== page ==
24 Songs, 2 Hours 56 Minutes

EDITORS’ NOTES

Originally released in 1993 as an elaborate box set with VHS tapes alongside CDs, Live S**t is now known as Metallica's first official live album and features performances from Mexico City during the late winter of 1993. It follows the group's most successful album to date—1991’s Metallica, a.k.a. The Black Album—and includes songs from all five of its previous studio albums. Covers of Diamond Head’s “Am I Evil,” The Misfits’ “Last Caress,” and Queen’s “Stone Cold Crazy” are the only songs not written by the band (not including “The Ecstasy of Gold,” Ennio Morricone’s introductory score). In other words, shy an actual concert with original bassist Cliff Burton, this is prime-era Metallica with the best cross-section of songs imaginable. The rally through “For Whom the Bell Tolls,” “Fade to Black,” “Master of Puppets,” “Seek & Destroy,” and “Whiplash” might be the most inspired roll of Metallica's career, and it’s just past halftime. For anyone who wants proof of the band’s incredible proficiency and its ability to harness otherworldly powers into material both intricate and visceral, Live S**t will fulfill those needs.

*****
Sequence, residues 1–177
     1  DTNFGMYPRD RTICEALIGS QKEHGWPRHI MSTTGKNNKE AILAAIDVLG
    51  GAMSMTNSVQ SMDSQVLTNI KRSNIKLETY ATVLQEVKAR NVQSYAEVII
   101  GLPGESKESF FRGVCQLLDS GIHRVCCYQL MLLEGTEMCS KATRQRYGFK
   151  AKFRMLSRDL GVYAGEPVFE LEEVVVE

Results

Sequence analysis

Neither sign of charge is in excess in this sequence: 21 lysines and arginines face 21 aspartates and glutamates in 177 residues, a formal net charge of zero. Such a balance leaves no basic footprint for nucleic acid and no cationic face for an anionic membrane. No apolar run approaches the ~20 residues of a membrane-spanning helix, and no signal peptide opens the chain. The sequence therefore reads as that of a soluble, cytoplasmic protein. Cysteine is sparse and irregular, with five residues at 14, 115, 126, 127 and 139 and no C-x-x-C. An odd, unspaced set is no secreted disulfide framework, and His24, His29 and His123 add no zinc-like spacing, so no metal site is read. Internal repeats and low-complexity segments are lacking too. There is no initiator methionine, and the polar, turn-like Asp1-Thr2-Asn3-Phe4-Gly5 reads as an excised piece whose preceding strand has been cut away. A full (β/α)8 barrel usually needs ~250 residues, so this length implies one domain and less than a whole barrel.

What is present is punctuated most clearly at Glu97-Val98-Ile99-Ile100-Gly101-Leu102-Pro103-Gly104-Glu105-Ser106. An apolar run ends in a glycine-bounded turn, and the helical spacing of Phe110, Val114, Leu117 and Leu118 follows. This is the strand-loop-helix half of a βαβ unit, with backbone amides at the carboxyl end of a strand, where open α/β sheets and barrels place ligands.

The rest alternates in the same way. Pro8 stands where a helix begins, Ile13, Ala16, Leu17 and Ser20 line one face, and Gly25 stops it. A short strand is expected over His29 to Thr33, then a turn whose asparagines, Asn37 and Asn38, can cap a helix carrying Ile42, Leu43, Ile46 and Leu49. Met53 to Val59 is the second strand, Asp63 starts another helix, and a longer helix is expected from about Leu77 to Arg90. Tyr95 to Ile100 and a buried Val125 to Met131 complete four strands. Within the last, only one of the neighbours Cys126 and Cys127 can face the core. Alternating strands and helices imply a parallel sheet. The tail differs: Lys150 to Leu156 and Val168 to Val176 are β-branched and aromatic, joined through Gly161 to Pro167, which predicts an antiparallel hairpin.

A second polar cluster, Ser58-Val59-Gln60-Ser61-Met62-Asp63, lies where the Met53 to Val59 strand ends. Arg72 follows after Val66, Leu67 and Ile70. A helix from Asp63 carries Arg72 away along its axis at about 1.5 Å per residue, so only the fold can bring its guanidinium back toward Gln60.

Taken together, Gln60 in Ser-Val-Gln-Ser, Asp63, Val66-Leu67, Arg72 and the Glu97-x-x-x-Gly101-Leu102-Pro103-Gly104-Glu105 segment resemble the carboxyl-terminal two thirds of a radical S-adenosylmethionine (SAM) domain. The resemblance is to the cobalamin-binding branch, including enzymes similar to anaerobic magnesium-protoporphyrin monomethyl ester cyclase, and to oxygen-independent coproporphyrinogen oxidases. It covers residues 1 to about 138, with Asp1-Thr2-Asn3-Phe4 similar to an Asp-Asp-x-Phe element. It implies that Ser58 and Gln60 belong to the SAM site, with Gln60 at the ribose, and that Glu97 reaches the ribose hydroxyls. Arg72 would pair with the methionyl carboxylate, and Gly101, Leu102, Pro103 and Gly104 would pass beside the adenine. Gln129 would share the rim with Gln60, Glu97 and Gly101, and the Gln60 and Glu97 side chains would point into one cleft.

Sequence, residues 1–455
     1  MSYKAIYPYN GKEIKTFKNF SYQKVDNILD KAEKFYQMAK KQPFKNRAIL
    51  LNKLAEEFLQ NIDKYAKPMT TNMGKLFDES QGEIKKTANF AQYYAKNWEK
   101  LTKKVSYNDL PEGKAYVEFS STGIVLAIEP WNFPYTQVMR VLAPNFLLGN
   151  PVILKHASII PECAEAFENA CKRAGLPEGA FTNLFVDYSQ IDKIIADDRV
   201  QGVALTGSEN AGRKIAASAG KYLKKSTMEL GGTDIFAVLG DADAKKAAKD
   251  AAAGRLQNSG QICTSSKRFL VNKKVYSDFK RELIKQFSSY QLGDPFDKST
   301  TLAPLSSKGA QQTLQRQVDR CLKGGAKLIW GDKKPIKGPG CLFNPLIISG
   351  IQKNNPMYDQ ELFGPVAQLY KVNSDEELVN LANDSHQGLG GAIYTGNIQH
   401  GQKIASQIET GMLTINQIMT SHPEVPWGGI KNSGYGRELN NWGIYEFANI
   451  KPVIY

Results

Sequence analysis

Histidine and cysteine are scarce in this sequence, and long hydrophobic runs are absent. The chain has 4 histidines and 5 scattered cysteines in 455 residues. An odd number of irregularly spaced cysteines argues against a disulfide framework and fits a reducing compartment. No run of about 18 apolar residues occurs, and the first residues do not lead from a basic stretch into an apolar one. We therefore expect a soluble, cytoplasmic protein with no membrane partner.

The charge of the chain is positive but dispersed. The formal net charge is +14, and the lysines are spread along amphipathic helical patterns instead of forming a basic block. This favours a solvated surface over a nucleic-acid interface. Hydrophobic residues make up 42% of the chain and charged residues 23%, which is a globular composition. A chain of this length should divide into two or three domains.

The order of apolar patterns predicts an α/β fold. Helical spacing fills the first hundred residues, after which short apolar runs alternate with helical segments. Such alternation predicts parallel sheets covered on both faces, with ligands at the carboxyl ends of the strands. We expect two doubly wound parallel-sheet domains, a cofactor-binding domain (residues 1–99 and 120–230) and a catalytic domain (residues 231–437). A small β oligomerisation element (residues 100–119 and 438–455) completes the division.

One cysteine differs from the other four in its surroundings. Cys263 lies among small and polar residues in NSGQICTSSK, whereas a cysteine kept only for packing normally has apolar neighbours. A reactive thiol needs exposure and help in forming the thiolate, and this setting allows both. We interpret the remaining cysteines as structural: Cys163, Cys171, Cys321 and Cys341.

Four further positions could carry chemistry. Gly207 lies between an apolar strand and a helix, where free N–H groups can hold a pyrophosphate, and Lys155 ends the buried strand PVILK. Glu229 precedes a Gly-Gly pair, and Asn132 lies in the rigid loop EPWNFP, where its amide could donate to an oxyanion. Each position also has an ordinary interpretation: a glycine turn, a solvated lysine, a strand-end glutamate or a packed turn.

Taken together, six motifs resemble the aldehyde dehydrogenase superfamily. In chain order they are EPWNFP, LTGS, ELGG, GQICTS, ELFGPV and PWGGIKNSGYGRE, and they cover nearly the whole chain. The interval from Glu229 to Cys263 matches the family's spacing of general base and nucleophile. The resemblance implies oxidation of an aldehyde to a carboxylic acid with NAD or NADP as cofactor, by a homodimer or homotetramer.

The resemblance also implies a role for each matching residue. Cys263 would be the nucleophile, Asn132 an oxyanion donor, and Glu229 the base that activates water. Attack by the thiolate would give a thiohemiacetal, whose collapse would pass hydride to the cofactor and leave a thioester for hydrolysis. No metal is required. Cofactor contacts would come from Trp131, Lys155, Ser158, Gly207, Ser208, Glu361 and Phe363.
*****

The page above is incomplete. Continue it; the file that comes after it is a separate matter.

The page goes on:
EDITORS’ NOTES

Originally released in 1993 as an elaborate box set with VHS tapes alongside CDs, Live S**t is now known as Metallica's first official live album and features performances from Mexico City during the late winter of 1993. It follows the group's most successful album to date—1991’s Metallica, a.k.a. The Black Album—and includes songs from all five of its previous studio albums. Covers of Diamond Head’s “Am I Evil,” The Misfits’ “Last Caress,” and Queen’s “Stone Cold Crazy” are the only songs not written by the band (not including “The Ecstasy of Gold,” Ennio Morricone’s introductory score). In other words, shy an actual concert with original bassist Cliff Burton, this is prime-era Metallica with the best cross-section of songs imaginable. The rally through “For Whom the Bell Tolls,” “Fade to Black,” “Master of Puppets,” “Seek & Destroy,” and “Whiplash” might be the most inspired roll of Metallica's career, and it’s just past halftime. For anyone who wants proof of the band’s incredible proficiency and its ability to harness otherworldly powers into material both intricate and visceral, Live S**t will fulfill those needs.

TITLE TIME

More By Metallica

You May Also Like